Mother Nature, appearing locally in the form of a recent typical Northeaster, caused thick seaweed to accumulate on the beachfront in several sections of the Alphabets and Gunrock and Stony Beach.
The seaweed was apparent in the areas from K to O streets, from T Street to Bradford Avenue, and on the sand beyond X, Y, and Z streets after the storm subsided, according to Public Health Director Joyce Sullivan. Gunrock and Stony Beach were also affected.
The cleanup was set to start Wednesday morning, with permission from the Conservation Commission at Sullivan’s request under an Emergency Cleanup order, according to Conservation Administrator Chris Krahforst.
Director of Public Works Chris Gardner, Krahforst, and Sullivan met at the beachfront on Tuesday to view the damage after numerous complaints from residents were received.
This situation is a Board of Health issue because high 90-degree temperatures dry out the seaweed, which attracts flies and causes an unpleasant odor, on top of the trash that floats in from the ocean with the seaweed, Sullivan told The Hull Times.
Because more equipment was needed to push the seaweed back into the ocean than what the Department of Public Works has in its possession, Gardner called in a contractor to help with the cleanup.
The DPW was scheduled to begin pushing the seaweed from Gunrock and Stony Beach back into the ocean “for Mother Nature to disperse first thing Wednesday morning,” with help from the contractor in the XYZ streets area using front-end loaders and avoiding the marked plover areas.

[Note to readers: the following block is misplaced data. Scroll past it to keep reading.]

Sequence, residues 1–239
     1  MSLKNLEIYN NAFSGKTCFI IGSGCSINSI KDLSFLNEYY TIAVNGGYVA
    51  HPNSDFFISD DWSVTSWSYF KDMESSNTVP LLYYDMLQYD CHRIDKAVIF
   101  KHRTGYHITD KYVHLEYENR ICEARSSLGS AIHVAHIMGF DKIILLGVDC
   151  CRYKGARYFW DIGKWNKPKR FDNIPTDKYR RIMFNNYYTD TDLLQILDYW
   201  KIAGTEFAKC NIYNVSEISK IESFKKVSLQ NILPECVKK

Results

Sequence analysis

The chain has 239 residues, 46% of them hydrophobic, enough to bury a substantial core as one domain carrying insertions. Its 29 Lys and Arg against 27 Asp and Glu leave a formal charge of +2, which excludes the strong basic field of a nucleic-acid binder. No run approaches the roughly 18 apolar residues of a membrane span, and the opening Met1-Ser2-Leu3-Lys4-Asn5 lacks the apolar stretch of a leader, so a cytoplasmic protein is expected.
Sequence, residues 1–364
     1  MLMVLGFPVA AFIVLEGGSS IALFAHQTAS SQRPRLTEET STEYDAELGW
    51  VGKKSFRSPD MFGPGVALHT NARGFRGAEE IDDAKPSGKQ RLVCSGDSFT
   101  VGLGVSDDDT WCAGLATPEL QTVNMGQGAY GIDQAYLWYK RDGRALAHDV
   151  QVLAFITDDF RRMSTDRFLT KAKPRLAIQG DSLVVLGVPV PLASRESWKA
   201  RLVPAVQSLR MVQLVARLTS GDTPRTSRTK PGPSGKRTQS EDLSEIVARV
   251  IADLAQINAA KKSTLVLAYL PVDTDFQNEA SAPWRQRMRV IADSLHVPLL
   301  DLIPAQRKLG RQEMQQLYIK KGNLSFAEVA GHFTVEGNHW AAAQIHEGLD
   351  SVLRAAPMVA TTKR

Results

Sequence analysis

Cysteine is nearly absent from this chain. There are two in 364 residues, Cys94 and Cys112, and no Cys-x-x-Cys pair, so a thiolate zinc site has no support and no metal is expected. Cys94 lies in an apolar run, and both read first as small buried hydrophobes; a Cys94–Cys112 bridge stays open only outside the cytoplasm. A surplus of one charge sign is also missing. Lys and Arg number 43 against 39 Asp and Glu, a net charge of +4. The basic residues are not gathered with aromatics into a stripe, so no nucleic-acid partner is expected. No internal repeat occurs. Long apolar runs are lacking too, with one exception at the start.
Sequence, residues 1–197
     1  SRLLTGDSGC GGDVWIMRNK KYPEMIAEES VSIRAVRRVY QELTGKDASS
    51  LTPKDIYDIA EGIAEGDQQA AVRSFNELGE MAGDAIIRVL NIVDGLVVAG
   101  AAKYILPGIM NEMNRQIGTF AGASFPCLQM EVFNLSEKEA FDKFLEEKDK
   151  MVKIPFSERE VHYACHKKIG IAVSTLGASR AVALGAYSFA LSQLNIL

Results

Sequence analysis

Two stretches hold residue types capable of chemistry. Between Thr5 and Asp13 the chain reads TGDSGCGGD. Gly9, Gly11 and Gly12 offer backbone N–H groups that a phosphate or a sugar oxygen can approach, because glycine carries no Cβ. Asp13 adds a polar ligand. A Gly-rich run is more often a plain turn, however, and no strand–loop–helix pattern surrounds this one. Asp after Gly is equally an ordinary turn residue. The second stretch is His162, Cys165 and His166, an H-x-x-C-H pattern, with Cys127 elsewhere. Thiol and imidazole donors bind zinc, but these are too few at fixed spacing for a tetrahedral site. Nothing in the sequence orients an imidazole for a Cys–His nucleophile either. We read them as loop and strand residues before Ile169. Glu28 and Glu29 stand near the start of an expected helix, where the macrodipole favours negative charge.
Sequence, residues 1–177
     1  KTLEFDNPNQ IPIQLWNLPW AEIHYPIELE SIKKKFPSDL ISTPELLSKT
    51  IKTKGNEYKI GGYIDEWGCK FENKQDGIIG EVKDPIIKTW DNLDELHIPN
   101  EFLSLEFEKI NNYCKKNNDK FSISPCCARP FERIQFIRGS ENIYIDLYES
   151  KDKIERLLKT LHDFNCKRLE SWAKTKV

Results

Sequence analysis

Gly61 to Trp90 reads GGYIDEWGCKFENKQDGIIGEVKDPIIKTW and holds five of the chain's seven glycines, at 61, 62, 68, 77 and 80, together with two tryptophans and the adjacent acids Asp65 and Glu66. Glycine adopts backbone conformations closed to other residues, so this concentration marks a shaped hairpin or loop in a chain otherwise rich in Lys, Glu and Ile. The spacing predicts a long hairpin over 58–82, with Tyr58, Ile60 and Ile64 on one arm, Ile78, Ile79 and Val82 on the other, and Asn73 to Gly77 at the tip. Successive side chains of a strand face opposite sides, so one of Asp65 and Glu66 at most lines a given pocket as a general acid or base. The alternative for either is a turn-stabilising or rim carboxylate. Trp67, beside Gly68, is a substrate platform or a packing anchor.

This is not the first time there has been a problem with seaweed on the beaches. “There have been times when it has been 6- to 8-feet deep,” Gardner recalled. “It can take a few days to remove it. This wasn’t as bad as it has been on some occasions in the past, but a pretty good amount accumulated this time, too. We try to get it back into the water before it attracts flies and causes an odor.”
The seaweed gets churned up by the heavy waves and, depending on the tide and winds, gets carried onto shore. “Some people got upset” when it was not removed right away, Sullivan said, “but the time has to be right to push the seaweed back out to sea – during high tide.
“We all do the best we can to mitigate the problem. It’s unlikely that people will go to those beaches that are [seriously] affected by seaweed that has accumulated” until after the cleanup.